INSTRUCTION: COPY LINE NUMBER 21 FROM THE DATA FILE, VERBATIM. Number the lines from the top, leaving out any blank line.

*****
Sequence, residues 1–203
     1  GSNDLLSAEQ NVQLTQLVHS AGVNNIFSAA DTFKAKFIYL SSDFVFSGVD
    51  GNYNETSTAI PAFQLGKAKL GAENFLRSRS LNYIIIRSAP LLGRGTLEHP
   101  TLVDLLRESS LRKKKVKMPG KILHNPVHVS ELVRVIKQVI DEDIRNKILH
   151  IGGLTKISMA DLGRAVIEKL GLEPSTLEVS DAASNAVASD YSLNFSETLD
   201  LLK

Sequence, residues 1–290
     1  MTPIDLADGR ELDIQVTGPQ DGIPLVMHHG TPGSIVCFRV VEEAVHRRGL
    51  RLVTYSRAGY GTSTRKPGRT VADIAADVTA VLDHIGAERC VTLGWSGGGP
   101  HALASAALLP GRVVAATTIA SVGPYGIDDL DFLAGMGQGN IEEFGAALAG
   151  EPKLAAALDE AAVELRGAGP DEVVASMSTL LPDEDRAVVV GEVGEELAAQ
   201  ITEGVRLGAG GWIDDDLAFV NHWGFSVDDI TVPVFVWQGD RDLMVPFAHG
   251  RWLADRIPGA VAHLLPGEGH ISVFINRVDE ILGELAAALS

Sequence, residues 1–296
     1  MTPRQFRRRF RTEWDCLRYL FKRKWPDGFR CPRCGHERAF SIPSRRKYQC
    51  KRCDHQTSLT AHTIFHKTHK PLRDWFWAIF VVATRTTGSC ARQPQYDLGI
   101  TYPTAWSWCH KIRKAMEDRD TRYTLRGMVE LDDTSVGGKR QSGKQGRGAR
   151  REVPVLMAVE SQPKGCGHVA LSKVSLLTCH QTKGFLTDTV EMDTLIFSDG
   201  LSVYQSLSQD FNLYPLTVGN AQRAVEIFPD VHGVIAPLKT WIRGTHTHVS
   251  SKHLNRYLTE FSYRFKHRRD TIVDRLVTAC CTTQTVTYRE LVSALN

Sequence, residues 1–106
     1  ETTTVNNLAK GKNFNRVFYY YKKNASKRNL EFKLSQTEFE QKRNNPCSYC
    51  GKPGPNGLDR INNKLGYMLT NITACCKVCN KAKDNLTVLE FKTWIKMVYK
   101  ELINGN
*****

Sequence, residues 1–106